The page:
Depression is an illness, a disease. Faulty brain cells.

Do you know what depression feels like?
Feeling down, black dog, grey clouds…
No. Wrong.
Be thankful you don’t know. It’s different for every single person, every single time.

This time, a switch was installed.
It flickers on and off, with neither rhyme nor reason.
One moment you’re ok, the next you’re sobbing uncontrollably. Tears are optional, just the ragged breathing and the feeling are there.
One moment you’re walking, moving, the next you stop. You’re paralysed. Your legs feel heavy, your arms like they belong to someone else. Everything about you is frozen.
One moment the world is normal, the next the smallest decision feels overwhelming. There’s no future beyond the now.
One moment you’re laughing, the next there’s a knot in your throat and you’ve forgotten what it feels to be ok.
Nothing makes sense. There’s no night nor day.

Chemicals mean hope. Repair.
Weeks pass, months pass, a year or more. And you no longer know what depression feels like.
Until next time…

The friend asked me to share this poem, and doesn't want some big outpouring of "OMG! Are you okay?" no matter how heart-felt and well-intended.

But you may know someone - or be someone - who suffers from this disease, and the words here may be a balm or an opening of the eyes. We hope so.

May 08, 2015, 04:19:12 PM
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Re: which urban fantasy novel are you planning to read next?
It was Gail Carriger that put me off, Elfy, I am one of those who likes minimal romance in my fantasy.
I'm normally like that, too, but I felt that Gail was taking the piss most of the time with her romantic references. Gail has said that she will sacrifice a lot in her books if it will get her a laugh.

October 07, 2015, 07:26:35 AM
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Re: Ask a Brit/American what this means Only slightly related:
Jelly/Jello(?) hit with a tennis racket: http://i.imgur.com/VwYYyPA.webm

As a German, I'm amused by what you (means: all other countries) classify as bread. ;)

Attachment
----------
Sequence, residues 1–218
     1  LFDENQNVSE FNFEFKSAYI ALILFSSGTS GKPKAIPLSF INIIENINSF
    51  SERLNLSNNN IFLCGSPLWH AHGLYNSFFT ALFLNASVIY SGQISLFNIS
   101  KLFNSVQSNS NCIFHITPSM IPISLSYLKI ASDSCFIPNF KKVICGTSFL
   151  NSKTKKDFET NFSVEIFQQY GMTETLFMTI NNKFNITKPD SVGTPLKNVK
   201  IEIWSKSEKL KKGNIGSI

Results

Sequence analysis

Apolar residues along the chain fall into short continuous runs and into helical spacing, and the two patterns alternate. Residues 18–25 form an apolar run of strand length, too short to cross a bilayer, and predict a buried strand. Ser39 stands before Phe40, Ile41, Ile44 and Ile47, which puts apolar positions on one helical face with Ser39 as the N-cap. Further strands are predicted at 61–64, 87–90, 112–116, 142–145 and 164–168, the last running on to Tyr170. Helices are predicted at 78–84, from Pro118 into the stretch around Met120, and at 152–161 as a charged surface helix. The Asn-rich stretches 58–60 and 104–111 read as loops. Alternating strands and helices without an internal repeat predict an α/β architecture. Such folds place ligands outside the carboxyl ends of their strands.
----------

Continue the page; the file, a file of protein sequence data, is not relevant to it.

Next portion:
November 09, 2015, 04:45:53 PM
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Re: Slaughter of thousands vs a handful of rapes In relation to Game of Thrones (and specifically HBO), the discontent relates specifically to the way the scenes were shot, or the fact that they deeply change the characters.

Spoilers for GoT below (as well as descriptions of how they depicted rape - fair warning)
Spoiler for Hiden:
Problem 1:
In ASOIAF, Dany is married to Drogo by her brother, Viserys. In the books, Dani is initially hesitant to be with Drogo, and very frightened. There is a (by GoT standards) rather tender scene where Drogo gradually warms up Dani and seduces her, to the point where she actually agrees to make love. Only then does Drogo actually make love to her - after she verbally consents.

In the HBO show, Drogo simply rapes Dani, forcing her without her consent. And (as will be a problem later) this doesn't change the arc of their relationship development in any way, implying the rape was trivial.

This is the first time the HBO show changed something from the books to add rape, and it didn't go over well. Unfortunately, they didn't learn from this.

Problem 2:
In ASOIAF, there is a scene in a later book, after Joffrey dies, where Jamie and Cersei have sex next to the grave of their son. While this is rather twisted, it is presented (in the book) as consensual. They are both extremely messed up.

In the HBO series, the scene and lines were changed to imply that Jaime rapes Cersei (she doesn't want to have sex, and he forces her) which significantly changes Jaime's character, and Cersei's - yet the shows continue without any change to their relationship. So HBO changed consensual sex to rape, but nothing else. Not only does this piss people off as "character assassination" but it also trivializes rape, implying it has no effect on either of them.

Problem 3: